from Vienna -
'... a most engaging recital ...'
Anyone who has sat in Vienna's expansive and elegant Café Central with a kleiner Brauner or Einspänner and portions of delicious Sachertorte will know how important the coffee houses were -- and still are -- to the Viennese. Their history, which goes back some four hundred years, tells of a genesis at the exodus of the Turks and subsequent generous imports of rich coffee beans. They were for a long time the exclusive territory of men only, but by the early nineteenth century families were welcomed and there were lady's rooms. They were meeting places for artists, writers and composers, and the recorder player Michala Petri and guitarist Lars Hannibal celebrate this particular period with a recital of music that might well have been heard by the leisured city folk as they relaxed with newspapers or gentle conversation.
There are some attractive musical novelties assembled here. The guitar virtuoso Mauro Giuliani (1781-1829) was also a cellist -- he played in the first performance of Beethoven's Seventh Symphony. His Gran duetto Concertante Op 52 is among his best pieces, originally written for violin or flute and guitar, and sounding well in a recorder transcription in which, occasionally, the guitar is allowed some rewarding moments.
Listen -- Giuliani: Menuetto (Gran duetto Concertante)
(track 2, 2:04-2:59) © 2009 OUR Recordings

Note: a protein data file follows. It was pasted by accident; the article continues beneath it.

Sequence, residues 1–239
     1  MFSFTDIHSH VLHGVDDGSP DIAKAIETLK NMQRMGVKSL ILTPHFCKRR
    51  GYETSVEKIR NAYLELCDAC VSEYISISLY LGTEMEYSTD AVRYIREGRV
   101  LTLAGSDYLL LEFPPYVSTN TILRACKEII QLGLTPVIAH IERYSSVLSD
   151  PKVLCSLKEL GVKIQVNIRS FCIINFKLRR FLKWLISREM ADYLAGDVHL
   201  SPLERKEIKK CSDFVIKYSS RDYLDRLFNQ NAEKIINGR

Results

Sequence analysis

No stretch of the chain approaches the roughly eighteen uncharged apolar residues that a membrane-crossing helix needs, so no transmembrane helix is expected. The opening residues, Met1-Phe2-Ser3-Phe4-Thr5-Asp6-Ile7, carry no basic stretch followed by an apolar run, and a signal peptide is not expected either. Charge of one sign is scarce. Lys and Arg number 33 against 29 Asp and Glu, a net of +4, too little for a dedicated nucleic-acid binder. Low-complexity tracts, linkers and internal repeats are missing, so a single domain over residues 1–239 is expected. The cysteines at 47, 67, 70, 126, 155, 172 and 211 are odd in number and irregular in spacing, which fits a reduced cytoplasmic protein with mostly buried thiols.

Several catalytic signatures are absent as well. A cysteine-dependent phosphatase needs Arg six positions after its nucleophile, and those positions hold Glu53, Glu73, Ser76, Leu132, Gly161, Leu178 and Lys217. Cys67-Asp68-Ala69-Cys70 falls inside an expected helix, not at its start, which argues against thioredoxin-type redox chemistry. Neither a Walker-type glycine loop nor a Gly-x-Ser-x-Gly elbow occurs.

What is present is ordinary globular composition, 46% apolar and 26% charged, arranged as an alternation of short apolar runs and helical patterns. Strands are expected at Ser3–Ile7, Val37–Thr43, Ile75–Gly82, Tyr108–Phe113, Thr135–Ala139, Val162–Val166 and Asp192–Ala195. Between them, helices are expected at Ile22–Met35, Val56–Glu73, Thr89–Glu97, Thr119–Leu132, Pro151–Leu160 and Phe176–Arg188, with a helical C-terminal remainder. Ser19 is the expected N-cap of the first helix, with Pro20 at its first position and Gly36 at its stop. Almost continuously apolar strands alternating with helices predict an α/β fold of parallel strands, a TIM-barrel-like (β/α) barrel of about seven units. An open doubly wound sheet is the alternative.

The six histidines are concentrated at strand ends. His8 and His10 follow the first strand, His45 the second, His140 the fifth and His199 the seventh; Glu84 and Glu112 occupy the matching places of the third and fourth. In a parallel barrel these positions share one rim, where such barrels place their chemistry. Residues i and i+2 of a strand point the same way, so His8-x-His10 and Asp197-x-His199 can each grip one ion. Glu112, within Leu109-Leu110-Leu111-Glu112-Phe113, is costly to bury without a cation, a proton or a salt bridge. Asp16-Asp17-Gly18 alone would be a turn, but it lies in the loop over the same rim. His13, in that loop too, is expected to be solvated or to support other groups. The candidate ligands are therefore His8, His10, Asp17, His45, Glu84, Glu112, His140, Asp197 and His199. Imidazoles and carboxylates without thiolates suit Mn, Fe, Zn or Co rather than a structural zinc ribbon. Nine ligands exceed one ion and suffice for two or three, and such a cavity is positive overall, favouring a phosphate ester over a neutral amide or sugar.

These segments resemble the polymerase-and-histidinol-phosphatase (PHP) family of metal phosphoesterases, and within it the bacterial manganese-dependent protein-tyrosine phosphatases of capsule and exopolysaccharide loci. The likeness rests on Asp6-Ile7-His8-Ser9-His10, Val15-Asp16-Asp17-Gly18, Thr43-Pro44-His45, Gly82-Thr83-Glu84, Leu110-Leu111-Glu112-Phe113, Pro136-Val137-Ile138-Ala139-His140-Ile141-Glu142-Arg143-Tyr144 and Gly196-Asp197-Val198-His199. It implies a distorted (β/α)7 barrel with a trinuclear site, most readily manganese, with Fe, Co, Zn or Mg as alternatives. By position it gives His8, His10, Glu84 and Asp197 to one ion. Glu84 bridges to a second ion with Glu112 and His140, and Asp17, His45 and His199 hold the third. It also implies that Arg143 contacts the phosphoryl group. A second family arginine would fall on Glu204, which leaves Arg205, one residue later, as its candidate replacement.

Ferdinando Carulli (1770-1841) was one of the many composers to be attracted to writing variations on the English national anthem
Listen -- Carulli: Fantaisie sur un Air National Anglais
(track 4, 0:35-1:26) © 2009 OUR Recordings
and Joseph Küffner (1776-1856), a German violinist and bandmaster whose formidable output reached 289 works and included several operas, seven symphonies and a mass of orchestral and chamber music, was attracted to French national songs for his Potpourri Op 226, in which he enjoys elaborating La Marseillaise in the style of a Viennese ländler.
Listen -- Küffner: Potpourri sur des Airs Nationaux Francais
(track 5, 3:11-4:16) © 2009 OUR Recordings
Beethoven apparently wrote a group of pieces for mandolin with piano accompaniment of which four survive, and two are arranged for this recording, the second being a brief and particularly good vehicle for some of the distinctive Petri virtuosity.
Listen -- Beethoven: Sonatina in C
(track 7, 0:00-0:56) © 2009 OUR Recordings
There is also music by Ernest Krähmer, Joseph Mayseder and Carl Scheindienst about whom little is known, and whose Variations on an Austrian Folk Tune may be the only extant piece recorded. It is just possible that his name is an invention, perhaps to hide the identity of an obviously adept composer.
Listen -- Carl Scheindienst: Gestern Abend war Vetter Mikkel da
(track 10, 3:57-5:25) © 2009 OUR Recordings
It brings a most engaging recital to an exciting close.
Copyright © 23 November 2009
CD INFORMATION: CAFÉ VIENNA